Trade obituary of George Green
'As was briefly announced with much regret in our last issue, Mr. George Green, the respected chief of Green's Film Service, of Glasgow, passed away on Wednesday last, after an illness of only three weeks' duration, at the comparatively early age of fifty-four years. The deepest sympathy of the entire cinema industry is extended to Mrs. Green and family of two sons and four daughters, in their sad bereavement.
'Mr. Green cam of a family of showmen, and gained his early experience of entertainment catering with his father, who ws long a frequent and welcome visitor to all the towns and villages in Scotland and the North of England. In 1894, Mr. Green saw the possibilities of Glasgow as headquarters for his enterprises, and in that year, in company with his brother, now a well-known caterer in Lancashire, opened the Carnival, at the Old Barracks. Here for a lengthy period his entertainments were eminently successful, and the real foundations of the present extensive business were laid when the ground of the Old Barracks was acquired by the N. B. Railway Company. Mr. green removed to the stance at Vinegar Hill, now known as the Carnival, and here he was no less successful. On the inception of the cinematograph, Mr. Green was one of the first to foresee its possibilities, and he was the first entertainment caterer to tour the country with his travelling cinematograph show, and the introduction of moving pictures to most towns in Scotland and the North of England is traceable to the visits of one or other of his numerous outfits. As the cult of the cinema developed, Mr Green saw the wisdom of establishing permanent shows, and gradually entered this branch till a circuit of over a dozen halls stood to his credit. The necessity of hiring for his own halls and touring outfits increased to such an extent that it became plain that a better system would be to buy his own films, and so successful did his purchases prove with the public that other showmen began to ask him to select their programmes. This was the genesis of the present film hiring organisation, which, under the fostering care of Mr. Green, now takes its place in the front rank of film hiring concerns in the kingdom. It was only natural in a business man so keen and foreseeing, that Mr. Green should keep a careful eye on the legal restrictions, which early in the history of the cinema threatened to retard its advancement. Thus we find that when the present Act was being framed, Mr. Green ket a watchful eye on the law-makers, and it is to his foresight and astuteness that the Act is so favourable to travelling showmen. When first announced, the Bill suggested that before a show could be opened anywhere a licence had to be obtained in the town where the show was to open, plans had to be deposited, and a week's notice given to the chief constable. Mr. Green attended the Committee of the House of Lords in person, and, by a plain and practical statement of the case, got the clause emended to read that a travelling showman's cinema licence was available for any town, and only two days' notice had to be given to the chief constable. This concession was an inestimable boon to all showmen, and this action of Mr. Green's in the early days was typical of his foresight right to the end. On the formation of the Cinematograph Exhibitors Association, Mr. Green was one of the first to associate himself with the scheme, and his counsels at the meetings were always sound, well-reasoned, and carried much weight. In all matters affecting the Trade as a whole, Mr. Green took a keen interest, and his place will be difficult to fill.. In addition to his official connection with the C.E.A., Mr. Green acted as President of the Roundabout Proprietors' Association and Showmen's Union of Great Britain from its foundation till his retirement last year, and also took a great interest in the showmen's Guild, of which he was a generous supporter.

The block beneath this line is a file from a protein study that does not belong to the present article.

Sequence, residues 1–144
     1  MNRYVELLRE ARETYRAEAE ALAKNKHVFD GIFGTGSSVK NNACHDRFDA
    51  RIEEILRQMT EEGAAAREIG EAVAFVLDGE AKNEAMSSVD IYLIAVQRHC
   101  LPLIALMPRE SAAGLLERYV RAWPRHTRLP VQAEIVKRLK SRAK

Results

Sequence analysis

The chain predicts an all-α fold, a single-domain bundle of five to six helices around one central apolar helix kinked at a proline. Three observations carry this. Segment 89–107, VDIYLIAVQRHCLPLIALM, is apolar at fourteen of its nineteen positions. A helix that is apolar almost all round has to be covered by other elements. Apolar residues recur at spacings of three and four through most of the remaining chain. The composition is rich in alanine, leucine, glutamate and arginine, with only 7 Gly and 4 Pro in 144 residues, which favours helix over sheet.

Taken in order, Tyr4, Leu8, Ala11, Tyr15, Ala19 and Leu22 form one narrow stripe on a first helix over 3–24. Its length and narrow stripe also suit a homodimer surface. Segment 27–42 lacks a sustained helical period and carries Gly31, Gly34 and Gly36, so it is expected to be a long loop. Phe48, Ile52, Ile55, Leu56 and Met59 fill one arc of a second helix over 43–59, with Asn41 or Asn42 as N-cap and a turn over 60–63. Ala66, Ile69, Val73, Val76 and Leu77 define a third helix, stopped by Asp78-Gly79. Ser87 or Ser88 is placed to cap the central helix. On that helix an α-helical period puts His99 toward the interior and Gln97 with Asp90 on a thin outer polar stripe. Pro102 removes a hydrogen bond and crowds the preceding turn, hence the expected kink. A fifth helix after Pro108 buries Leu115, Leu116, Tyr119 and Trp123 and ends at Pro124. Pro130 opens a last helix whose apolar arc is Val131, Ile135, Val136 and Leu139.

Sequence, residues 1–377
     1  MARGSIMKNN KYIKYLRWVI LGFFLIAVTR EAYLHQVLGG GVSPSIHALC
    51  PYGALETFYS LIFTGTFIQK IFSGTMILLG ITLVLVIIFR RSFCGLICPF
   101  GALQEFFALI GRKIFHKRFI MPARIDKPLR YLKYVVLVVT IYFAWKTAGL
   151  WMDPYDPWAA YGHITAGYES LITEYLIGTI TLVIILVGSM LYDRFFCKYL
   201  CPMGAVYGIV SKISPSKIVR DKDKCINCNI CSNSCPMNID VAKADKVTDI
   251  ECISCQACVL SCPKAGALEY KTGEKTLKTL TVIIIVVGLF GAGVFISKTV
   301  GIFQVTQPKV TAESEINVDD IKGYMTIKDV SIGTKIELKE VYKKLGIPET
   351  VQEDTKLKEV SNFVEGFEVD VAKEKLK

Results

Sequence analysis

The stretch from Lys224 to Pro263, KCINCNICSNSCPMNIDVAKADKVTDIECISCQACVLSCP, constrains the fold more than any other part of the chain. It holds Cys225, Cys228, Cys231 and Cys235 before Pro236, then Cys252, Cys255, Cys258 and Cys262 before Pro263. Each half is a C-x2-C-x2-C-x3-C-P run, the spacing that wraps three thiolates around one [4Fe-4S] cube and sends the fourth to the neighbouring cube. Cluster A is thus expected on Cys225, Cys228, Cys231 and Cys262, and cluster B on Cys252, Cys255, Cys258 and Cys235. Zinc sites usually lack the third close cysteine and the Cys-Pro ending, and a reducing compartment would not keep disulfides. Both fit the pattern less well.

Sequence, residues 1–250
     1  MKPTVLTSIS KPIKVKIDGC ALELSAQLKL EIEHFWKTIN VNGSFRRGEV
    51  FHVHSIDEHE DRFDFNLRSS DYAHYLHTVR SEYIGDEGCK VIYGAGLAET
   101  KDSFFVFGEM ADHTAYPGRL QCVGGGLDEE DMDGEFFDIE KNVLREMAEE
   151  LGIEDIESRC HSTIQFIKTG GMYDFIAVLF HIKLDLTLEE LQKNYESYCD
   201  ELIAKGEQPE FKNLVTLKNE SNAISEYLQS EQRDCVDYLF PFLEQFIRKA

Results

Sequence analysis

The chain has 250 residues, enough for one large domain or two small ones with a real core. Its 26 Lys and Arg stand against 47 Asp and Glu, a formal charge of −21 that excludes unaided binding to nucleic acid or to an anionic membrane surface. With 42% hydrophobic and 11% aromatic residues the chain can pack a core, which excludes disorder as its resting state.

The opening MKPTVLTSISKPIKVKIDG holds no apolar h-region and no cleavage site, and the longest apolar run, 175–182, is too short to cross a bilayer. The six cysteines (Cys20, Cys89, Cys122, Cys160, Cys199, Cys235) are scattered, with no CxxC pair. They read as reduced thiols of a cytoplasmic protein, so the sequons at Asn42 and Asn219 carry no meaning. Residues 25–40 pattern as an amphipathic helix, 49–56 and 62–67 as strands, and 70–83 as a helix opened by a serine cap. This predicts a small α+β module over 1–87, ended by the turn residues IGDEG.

'By his staff Mr. Green was more than respected, and it is sufficient to say that many have been associated with him for long periods of years.'
[Report follows of those attending the funeral, including most of the leaders of the trade.]